Lastly, I think there continues to be a move toward cross-sectoral integration. It’s now well understood that we can’t operate in silos and we need to think more holistically about programming. Within the WASH sector, this means understanding that WASH services need to be supported by a healthy watershed which may require other, separate interventions to ensure adequate water quality and quantity. This might mean bringing in other perspectives or partners to achieve lasting solutions.

What is your proudest moment at Environmental Incentives?

When I came to Environmental Incentives, we were beginning the SWS project and it was an area of growth for the company. We were just starting to dip our toes into the WASH sector. It took some time, but we have now been able to successfully translate some of our best practices in biodiversity conservation to the WASH sector and are starting to see some of those results. Some of the learning questions that we started out with are yielding really important information. For me, it has been exciting to work on a project from inception and to see our thinking evolve over time. We now know that this process can work for multiple sectors with just a few tweaks in approach and terminology.

If you could learn to do anything, what would it be?

Actually, I think I am already on my way! One of my New Year’s resolutions is to get really good at baking pies. I think that pie crust is a lost art form. I’ve been learning so much about the science behind it as well as the creative element of how you can present it in a beautiful way. For me, I get so much pleasure out of baking or cooking for others, it’s one of the ways I show my love and appreciation for people in my life. Also, I have started taking French classes again. I have always wanted to be bilingual. I’ve spent a lot of time studying Arabic and French in my adult years, but I have never reached fluency in either.

A few of Brittany’s latest creations: a caramel apple pie (left) and a chocolate pecan slab pie (right)

What are your favorite pastimes?

I’m a very active person, and I love team sports. I’m on a volleyball team that plays once a week. Every year, I compete in a dragon boat racing competition. It’s with a group of environmentalists in the DC area and we’re called the “Green Dragons”. What I love about dragon boat racing is that everyone needs to be completely in sync in order to be the fastest boat on the water. You have 20 people in a boat and a short distance to cover, it’s a really fun challenge. Aside from that, anything that gets me outside in the mountains or on the water are the things that I enjoy the most.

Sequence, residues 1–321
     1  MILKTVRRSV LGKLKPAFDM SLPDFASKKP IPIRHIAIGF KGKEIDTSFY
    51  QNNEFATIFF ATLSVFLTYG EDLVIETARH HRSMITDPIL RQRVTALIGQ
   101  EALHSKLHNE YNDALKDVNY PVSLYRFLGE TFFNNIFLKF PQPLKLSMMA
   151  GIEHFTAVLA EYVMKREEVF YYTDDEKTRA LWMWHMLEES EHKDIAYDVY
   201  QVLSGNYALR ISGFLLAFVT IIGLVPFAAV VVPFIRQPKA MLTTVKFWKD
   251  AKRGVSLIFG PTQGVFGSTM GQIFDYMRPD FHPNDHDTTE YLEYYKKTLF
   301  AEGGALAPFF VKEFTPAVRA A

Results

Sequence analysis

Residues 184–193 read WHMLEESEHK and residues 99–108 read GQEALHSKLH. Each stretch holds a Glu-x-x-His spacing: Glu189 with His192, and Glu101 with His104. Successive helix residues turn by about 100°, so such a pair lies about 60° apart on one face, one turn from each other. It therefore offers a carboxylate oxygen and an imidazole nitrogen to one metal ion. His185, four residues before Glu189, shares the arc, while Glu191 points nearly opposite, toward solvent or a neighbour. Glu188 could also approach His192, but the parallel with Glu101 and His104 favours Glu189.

What’s one food you can’t live without?

Grilled fish. My husband is from an island and his entire family is in the fishing industry. He is a master at grilling fish, so it is always on the menu at our house. We love going to the port to interact with local fishermen and look for good, sustainably caught fish in our area.

What is your favorite thing to do in DC?

Going to look at the monuments at night, they are so beautiful when they are lit up. It’s great to go at night when there is less tourist traffic and you can appreciate them without as many people around.

What is your biggest achievement to date?

When I graduated from college I moved to Tunisia and made my own Peace Corps-like experience there. I worked as a teacher and managed an educational project for underprivileged youth through the U.S. Embassy. I was there before, during, and after the Arab Spring. It was interesting to see the energy of my students and how they felt that opportunities were opening up for them through a regime change. It was also a very pivotal point in my life, both personally and professionally. I met my husband there, he is from Tunisia. I always call it “baladi ithani” which means “my second country” in Arabic. Looking back, I was able to accomplish a lot in two years very early in my career, and it gave me a really interesting perspective on international development that I still keep with me.

We hope you enjoyed getting to know Brittany! Stay tuned for more employee spotlights coming soon.